Genetics - DNA & RNA Page


terms | concepts | structural components | functional process | argument | anomalies


In reality; genes and environment ecologically interact to form the world in which we thrive.

Chromosomes or "c’somes" must be understood from these two ways: structural versus functional.

basic terms | necessary concepts | chromosomes | functionality | epigenetic

Comprehending the terminology of the bio-microcosm


Words I


Words II

Parts and processes

What turns the genes on and off?

Comprehending the terminology of the biological-microcosm or the world of the very small cells, molecules and compounds is a real challenge. The challenge arises from the complexity of proteins, amino acids, and chromosomes that act together to express and repress certain traits conveyed by genes.


Genes derive from the word generative or generate, meaning to give rise to something; as such they are the hereditary bequest.

generative - to give rise, to replicate or repair, reproductive ability.

chromosome - elongated body of coherent nitrogen bases, helix shaped and coiled, found in the cell in more than one place: called chromosomes or C’somes.

allele - one of numerous forms of a gene, i.e. protein sequences in hemoglobin.

base pair - In DNA, a sequence of nitrogen compounds: A, T, G, C or U (RNA).

plasmid - small loops of encoding DNA residing in bacteria that replicate.

gene - the medium of inheritance: generally a trait, specifically a basic unit of heredity; some information (signal) capable of being inherited.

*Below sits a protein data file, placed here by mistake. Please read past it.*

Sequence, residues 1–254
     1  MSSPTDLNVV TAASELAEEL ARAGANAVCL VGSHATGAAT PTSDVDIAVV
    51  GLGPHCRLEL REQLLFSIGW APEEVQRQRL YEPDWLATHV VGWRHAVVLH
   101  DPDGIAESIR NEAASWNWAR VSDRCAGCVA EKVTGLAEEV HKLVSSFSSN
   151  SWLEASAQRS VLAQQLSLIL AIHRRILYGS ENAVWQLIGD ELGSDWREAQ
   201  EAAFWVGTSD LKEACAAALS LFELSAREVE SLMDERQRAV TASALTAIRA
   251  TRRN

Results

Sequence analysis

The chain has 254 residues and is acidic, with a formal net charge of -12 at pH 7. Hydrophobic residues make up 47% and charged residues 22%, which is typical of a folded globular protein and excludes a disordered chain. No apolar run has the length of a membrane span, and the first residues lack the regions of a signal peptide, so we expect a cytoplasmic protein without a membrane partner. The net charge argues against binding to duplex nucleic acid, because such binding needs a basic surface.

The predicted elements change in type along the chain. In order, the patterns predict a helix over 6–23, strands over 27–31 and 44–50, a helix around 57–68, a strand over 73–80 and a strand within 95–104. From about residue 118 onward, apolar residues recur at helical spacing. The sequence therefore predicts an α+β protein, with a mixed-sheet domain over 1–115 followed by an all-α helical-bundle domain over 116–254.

pangene - the original name given to cellular inheritance

gene pool - all the genes belonging to all the organisms in a population

gene frequency - For any population the rarity or commonness of one form of inheritable sequences (allele) rather than other forms on the same chromosome.

genetic drift - Changes over time in the genetic composition of populations due strictly to chance or statistical variation; often greater in small populations.

genome - the entire component of any organism’s genetic material.

• genotype - the molecularly encoded material make-up of C’somes.

genotype refers to what actually is hidden in the base pair sequences - codons

phenotype - the observed expression of the underlying DNA sequences.

phenotype refers to what is seen, sensed, encountered, smelled or heard, the expression o of the code in the form of proteins.


terminology | concepts | structural components | functional process | argument | anomalies



antibiotic resistance - survival capacity of bacteria to withstand assault.

speciation - a process where geographical or other (behavioral) barriers arise to separate organisms into two different and distinct breeding populations.

Argument is classical in its beginnings and asks -- does our inheritance or the environment determine the characteristics we see in creatures and ourselves?

nature (genetics) versus nurture (environment) as reasons for behavior.

adaptation as fitness; adjusting to ecological change is confused with the capacity to leave offspring that survive into an adult or reproductive stage.

Dialectical materialism - belief that existence is binary and best understood as a unity of opposite tendencies. In the struggle of opposites a driving force propels everything on.

technological determinism - a set ideals or an ideology which expresses a belief that existence is largely governed by how tools and technical systems force people to react.


concepts part two.

Words II

generative - to give rise, to replicate or repair, reproductive ability.
The regenerative ability of all life, that is the capability of an organism to exploit available niches, has been studied from both a structural and a functional perspective.

Structural refers to how the component parts come together to form a larger whole. Whereas the functional view looks at how the process of bringing different parts together enables ingredients to become assembled into some opportunity, product or outcome.